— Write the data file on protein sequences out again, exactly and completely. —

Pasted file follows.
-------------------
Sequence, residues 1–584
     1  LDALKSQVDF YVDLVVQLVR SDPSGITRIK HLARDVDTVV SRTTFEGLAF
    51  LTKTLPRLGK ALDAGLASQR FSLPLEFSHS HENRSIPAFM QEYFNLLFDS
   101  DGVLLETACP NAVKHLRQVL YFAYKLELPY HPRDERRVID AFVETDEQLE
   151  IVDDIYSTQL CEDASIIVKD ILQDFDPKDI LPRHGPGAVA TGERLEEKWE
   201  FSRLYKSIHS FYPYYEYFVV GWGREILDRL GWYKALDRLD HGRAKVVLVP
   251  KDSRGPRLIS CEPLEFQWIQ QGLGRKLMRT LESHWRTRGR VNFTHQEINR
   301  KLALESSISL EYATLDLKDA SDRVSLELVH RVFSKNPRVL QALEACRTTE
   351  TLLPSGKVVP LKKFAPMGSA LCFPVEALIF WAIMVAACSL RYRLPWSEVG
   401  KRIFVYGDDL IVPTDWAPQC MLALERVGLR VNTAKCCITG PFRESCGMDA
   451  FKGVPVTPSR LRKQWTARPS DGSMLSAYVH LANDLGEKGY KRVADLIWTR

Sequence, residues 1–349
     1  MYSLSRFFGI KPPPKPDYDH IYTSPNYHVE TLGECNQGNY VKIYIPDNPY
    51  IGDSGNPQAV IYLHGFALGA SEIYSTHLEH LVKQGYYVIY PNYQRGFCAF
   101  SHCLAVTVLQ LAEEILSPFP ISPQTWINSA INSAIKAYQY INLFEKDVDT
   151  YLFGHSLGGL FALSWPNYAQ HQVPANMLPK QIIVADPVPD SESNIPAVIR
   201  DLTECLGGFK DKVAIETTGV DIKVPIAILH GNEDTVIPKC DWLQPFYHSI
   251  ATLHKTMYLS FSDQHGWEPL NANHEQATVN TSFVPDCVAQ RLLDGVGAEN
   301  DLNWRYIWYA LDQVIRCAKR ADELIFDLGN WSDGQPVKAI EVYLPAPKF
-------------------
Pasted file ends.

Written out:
Sequence, residues 1–584
     1  LDALKSQVDF YVDLVVQLVR SDPSGITRIK HLARDVDTVV SRTTFEGLAF
    51  LTKTLPRLGK ALDAGLASQR FSLPLEFSHS HENRSIPAFM QEYFNLLFDS
   101  DGVLLETACP NAVKHLRQVL YFAYKLELPY HPRDERRVID AFVETDEQLE
   151  IVDDIYSTQL CEDASIIVKD ILQDFDPKDI LPRHGPGAVA TGERLEEKWE
   201  FSRLYKSIHS FYPYYEYFVV GWGREILDRL GWYKALDRLD HGRAKVVLVP
   251  KDSRGPRLIS CEPLEFQWIQ QGLGRKLMRT LESHWRTRGR VNFTHQEINR
   301  KLALESSISL EYATLDLKDA SDRVSLELVH RVFSKNPRVL QALEACRTTE
   351  TLLPSGKVVP LKKFAPMGSA LCFPVEALIF WAIMVAACSL RYRLPWSEVG
   401  KRIFVYGDDL IVPTDWAPQC MLALERVGLR VNTAKCCITG PFRESCGMDA
   451  FKGVPVTPSR LRKQWTARPS DGSMLSAYVH LANDLGEKGY KRVADLIWTR

Sequence, residues 1–349
     1  MYSLSRFFGI KPPPKPDYDH IYTSPNYHVE TLGECNQGNY VKIYIPDNPY
    51  IGDSGNPQAV IYLHGFALGA SEIYSTHLEH LVKQGYYVIY PNYQRGFCAF
   101  SHCLAVTVLQ LAEEILSPFP ISPQTWINSA INSAIKAYQY INLFEKDVDT
   151  YLFGHSLGGL FALSWPNYAQ HQVPANMLPK QIIVADPVPD SESNIPAVIR
   201  DLTECLGGFK DKVAIETTGV DIKVPIAILH GNEDTVIPKC DWLQPFYHSI
   251  ATLHKTMYLS FSDQHGWEPL NANHEQATVN TSFVPDCVAQ RLLDGVGAEN
   301  DLNWRYIWYA LDQVIRCAKR ADELIFDLGN WSDGQPVKAI EVYLPAPKF